If a water treatment plant is built on the south county site, it will be similar to the Lithia drinking water facility located in the FishHawk area.

By Brad Stager

A project to ensure that the growing number of residents and businesses in Southern Hillsborough County have a steady flow of drinking water is in the works.

In October, the Board of County Commissioners approved the purchase of about 331 acres located between Balm Riverview Rd. and Balm Boyette Rd., south of the Balm Boyette Scrub Preserve, where officials plan to build either a drinking water treatment plant or drinking water transmission station.

The project is part of a larger effort to improve the quality of service in providing drinking water to Southern Hillsborough County customers.

Drinking water transmission pipes in the south county urban service area are being upgraded and a $12 million booster pump station will be constructed northeast of the intersection of Balm Riverview Rd. and Big Bend Rd. and opposite of Summerfield Elementary School in Riverview.

The proposed facility is designated as a county capital improvement project (CIP). These projects address the need to improve, expand or maintain vital infrastructure such as roads, buildings and utilities. Jason Parrillo is the CIP section manager for Hillsborough County’s water department. He said the increased growth in Southern Hillsborough County is driving the need for improving water services and that the proposed facility will help.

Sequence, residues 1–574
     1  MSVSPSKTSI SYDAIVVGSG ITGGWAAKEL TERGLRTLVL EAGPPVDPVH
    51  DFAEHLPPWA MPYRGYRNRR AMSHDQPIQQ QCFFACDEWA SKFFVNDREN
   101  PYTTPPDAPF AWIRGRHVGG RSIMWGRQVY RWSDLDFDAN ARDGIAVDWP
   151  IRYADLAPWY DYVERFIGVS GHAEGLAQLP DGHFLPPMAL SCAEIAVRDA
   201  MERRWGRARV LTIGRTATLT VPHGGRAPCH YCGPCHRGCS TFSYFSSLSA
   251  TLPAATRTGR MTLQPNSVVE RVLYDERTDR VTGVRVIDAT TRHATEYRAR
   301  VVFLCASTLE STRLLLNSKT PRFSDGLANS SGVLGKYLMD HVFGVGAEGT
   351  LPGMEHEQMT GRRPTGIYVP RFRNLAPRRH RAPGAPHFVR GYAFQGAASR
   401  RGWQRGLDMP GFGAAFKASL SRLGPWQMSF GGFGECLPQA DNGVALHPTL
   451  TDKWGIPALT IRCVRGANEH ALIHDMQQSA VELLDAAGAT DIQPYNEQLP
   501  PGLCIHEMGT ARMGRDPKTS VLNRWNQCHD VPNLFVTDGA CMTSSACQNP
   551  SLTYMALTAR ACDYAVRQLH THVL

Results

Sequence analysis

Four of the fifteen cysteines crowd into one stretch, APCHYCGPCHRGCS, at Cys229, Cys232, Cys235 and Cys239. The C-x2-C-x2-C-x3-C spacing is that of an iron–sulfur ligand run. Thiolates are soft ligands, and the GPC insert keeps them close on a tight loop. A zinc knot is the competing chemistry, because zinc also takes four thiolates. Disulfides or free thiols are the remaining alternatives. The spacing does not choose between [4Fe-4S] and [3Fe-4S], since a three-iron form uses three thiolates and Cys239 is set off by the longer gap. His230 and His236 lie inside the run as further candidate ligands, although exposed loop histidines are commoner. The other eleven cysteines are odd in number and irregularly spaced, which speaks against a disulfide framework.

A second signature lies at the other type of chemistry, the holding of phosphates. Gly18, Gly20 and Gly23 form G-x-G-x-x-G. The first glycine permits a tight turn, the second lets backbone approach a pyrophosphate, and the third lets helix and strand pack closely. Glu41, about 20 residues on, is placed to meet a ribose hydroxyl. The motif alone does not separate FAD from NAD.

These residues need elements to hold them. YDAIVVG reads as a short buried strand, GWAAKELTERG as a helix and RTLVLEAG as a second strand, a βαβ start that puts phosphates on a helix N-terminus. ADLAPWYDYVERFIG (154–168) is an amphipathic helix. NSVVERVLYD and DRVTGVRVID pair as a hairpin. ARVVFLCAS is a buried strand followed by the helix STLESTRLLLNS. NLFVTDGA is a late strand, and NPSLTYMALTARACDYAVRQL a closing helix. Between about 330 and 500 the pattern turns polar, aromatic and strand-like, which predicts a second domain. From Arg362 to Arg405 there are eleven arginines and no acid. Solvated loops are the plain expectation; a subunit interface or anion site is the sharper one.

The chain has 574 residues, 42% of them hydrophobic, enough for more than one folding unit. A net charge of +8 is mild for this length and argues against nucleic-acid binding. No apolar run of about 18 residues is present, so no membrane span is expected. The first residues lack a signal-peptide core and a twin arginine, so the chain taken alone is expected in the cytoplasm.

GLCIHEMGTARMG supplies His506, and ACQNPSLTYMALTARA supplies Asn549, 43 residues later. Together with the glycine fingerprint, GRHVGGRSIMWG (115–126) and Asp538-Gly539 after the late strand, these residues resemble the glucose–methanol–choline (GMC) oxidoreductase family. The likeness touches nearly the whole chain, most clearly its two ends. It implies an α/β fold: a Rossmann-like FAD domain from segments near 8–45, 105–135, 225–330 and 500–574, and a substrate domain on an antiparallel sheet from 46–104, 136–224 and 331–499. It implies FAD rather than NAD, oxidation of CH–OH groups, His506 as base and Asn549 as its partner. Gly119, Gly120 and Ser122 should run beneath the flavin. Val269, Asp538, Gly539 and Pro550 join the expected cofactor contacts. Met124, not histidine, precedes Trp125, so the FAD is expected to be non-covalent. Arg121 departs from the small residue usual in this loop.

“Any drinking water facility constructed, whether it’s a treatment plant or a transmission facility, in the south county service area will benefit Hillsborough County residents two ways,” he said. “One, it will maintain a level of service and complement existing ongoing infrastructure projects by the department, and two, it will provide sustainability for future growth in the south county service area.”

The county does not expect to start building the proposed facility until 2026, but until then, the site’s landscaping will be improved to create a 500-foot-wide natural terrain buffer that will include pine trees to keep facility structures out of view from neighboring properties.

According to the county’s online information about the project, construction will take about two years to complete and the site may eventually include recreational features such as trails.

You can stay informed about this and other Hillsborough County infrastructure projects by visiting hillsboroughcounty.org.

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